It’s election day, and New Yorkers throughout the city are gearing up for (or blowing off) their trip to the polls.
“I’m voting not so much for Bloomberg as against Thompson,” said Melinda Hernandez, who with her husband Miguel owns Munchy’s Coffee Shop on 5th Avenue and 53rd street. “I think it’s a tough city, and you need someone tough.”
Hernandez has a Latinos for Bloomberg poster in her window, and believes the mayor has managed the city well. Even so, she said Bloomberg hasn’t been the best for mom and pop stores. “We get nickle and dimed like you would not believe,” said Hernandez. It’s not just the shops. “I think it’s difficult everywhere,” Hernandez added. “It’s going to take a long time to recover.”
Like the rest of the city, Sunset Park residents have watched the ups and downs of the Bloomberg v. Thompson race, and had their two cents. Some residents felt that the billionaire mayor was out of touch with their problems, others that the former city comptroller hadn’t clearly defined his campaign self.
These perceptions drove people’s opinions as much as issues or the candidates. Bets went to Bloomberg on the theory that if it ain’t broke, don’t fix it. Fingers crossed fingers for Thompson in the hopes that things would start looking up.
“We’re gonna try Thompson because we need change” said Paul Gedaron, manager at the Mini Max on Fifth Avenue. “We have to try.” The windows of the Mini-Max boast Caribbeans for Bill Thompson signs. The Mini Max has a long-standing relationship with Bill Thompson’s sister, Gail, supplies the Amerex outerwear that hangs on the store’s back wall.
Gedaron trusts Thompson. He has seen the family do an honest business, he said. Though Gedaron has his chips on Thompson, “mostly people say Bloomberg is gonna win–because he has money.”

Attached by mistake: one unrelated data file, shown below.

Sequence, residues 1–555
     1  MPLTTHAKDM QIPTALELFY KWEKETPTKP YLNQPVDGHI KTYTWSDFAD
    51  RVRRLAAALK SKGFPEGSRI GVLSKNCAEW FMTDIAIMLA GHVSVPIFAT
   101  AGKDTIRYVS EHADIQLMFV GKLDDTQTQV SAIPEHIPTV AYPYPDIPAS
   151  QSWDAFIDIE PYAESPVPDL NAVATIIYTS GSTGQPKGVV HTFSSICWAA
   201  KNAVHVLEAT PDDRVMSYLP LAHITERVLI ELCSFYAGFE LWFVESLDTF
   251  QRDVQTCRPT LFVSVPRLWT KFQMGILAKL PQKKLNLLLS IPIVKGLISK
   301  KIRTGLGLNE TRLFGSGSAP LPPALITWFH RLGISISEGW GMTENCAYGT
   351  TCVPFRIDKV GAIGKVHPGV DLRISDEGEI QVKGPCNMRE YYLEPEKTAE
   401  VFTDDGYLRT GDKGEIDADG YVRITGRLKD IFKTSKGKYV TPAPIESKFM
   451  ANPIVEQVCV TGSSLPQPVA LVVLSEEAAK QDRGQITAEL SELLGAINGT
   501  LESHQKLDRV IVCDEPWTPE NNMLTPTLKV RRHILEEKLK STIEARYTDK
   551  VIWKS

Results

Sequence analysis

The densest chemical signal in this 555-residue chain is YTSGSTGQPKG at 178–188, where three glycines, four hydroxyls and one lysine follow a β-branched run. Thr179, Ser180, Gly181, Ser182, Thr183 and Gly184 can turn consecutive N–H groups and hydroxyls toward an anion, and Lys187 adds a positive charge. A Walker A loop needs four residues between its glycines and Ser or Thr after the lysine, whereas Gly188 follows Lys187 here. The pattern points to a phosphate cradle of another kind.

Polls over the past several weeks put Bloomberg ahead by as much as 18 percent, though recent reports indicate the gap has narrowed. Both campaigns have stepped up the mudslinging, some of it false. Bloomberg’s overturning of term limits and his personal pocketbook have come up, as has Thompson’s record as comptroller and his recent comment that Bloomberg’s debate performance deserved a D-. Yesterday, it was all about the economy.
The nearly $100 million that Bloomberg has sunk into his campaign surfaced continually when I spoke to voters in Sunset Park. The neighborhood has been hit hard in the recession, and zeros, without any numbers in front, loom large for local residents.
“Weekends, before, there was a lot more,” said Welhittston Sandes, a barber at Classic Cut on the corner of 44th Street. Thompson had just stopped in as he made the rounds to shake hands with the neighborhood.
“We’ve already seen what he can do,” continued Sandes. “Let’s see a new one.”
Thompson hit Tony’s Barber Shop one block down on his way back to the campaign office across from Sunset Park. Tony Garofalo shook hands, but wouldn’t budge on his vote for Bloomberg. “I think he’s doing a good job,” Garofalo said. “Why should I take a chance with somebody else? And I like him personally.”
A block down, Jose Sanchez lingered on the corner of 45th Street, discussing the upcoming race.
“He’ll win in popular votes,” said Jose Sanchez of Bill Thompson, nudging his head toward the candidate proceeding down Fifth Avenue, “but Bloomberg is going to win by trampa, fraud. He already has the trampa set.” Sanchez paused, arms crossed. “Put that in the paper,” he said.